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DichotomiesThe other day I sat down with a friend and said, “Last night I was completely surrounded by liberals.”

Surprised he said, “But you’re liberal.”

“That’s only when I am with conservatives.”

I am almost always aware of the other side.

I can’t help it.  I just think the other side needs to be considered.  For me, by taking the opposite position, one of two things can happen, both of them good.  You will either convince me by being able to counter my best arguments, or your position will be a little more nuanced, because of mine.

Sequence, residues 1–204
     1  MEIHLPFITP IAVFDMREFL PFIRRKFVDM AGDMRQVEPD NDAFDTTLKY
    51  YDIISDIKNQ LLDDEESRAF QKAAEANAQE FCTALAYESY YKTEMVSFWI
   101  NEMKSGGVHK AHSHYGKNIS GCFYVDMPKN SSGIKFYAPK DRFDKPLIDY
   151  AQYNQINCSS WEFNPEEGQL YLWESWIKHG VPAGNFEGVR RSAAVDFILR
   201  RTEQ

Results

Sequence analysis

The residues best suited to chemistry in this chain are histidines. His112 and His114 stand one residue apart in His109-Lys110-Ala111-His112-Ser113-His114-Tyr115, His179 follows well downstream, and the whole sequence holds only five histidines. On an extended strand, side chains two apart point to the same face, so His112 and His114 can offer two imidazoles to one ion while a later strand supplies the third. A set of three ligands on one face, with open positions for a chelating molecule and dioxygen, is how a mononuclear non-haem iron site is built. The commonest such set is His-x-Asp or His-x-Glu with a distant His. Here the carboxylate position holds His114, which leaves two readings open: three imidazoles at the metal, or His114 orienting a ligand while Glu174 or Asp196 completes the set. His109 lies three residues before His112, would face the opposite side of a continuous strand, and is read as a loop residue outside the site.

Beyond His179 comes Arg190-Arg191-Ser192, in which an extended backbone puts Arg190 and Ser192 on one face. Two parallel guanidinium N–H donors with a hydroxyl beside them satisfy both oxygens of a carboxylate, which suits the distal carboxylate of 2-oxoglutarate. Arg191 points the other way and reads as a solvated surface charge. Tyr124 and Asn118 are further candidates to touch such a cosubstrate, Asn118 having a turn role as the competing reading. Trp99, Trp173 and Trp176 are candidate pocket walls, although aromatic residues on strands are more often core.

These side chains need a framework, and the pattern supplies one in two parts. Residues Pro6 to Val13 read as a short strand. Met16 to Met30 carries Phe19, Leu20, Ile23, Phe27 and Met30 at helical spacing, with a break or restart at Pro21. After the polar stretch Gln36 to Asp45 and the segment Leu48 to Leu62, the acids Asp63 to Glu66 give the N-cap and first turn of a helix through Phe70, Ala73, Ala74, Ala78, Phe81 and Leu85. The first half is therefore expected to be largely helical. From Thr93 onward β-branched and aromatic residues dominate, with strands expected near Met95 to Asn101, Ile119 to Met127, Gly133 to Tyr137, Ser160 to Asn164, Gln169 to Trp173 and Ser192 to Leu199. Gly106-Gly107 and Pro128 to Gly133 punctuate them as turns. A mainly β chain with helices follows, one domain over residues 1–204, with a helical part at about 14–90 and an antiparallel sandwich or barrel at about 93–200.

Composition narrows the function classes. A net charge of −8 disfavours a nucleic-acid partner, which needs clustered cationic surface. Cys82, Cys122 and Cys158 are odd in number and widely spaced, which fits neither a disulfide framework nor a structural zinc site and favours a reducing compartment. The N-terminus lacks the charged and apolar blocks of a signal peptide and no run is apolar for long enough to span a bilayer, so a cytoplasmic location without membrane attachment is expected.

There are not too many things that are black and white–I see the world in gray.

I am suspicious of certainty because to achieve it, one must often over-simplify.

I have been wondering where this tendency to see things from different perspectives came from.

I have concluded that it’s because, between the ages of 1 and 23, I was a Canadian in the USA.

I was keenly aware of my Canadianness  and I celebrated it by wearing a jean jacket with a maple leaf stitched onto the shoulder.  In grade 5, this meant being thrown to the ground by a 6th grader who kicked me in the back with “Sunday shoes.”

In school I was told that spelling the word “color” was right and any other way was wrong.  I knew it wasn’t that simple–that there was at least one entire country where you could spell it “colour” and also be right.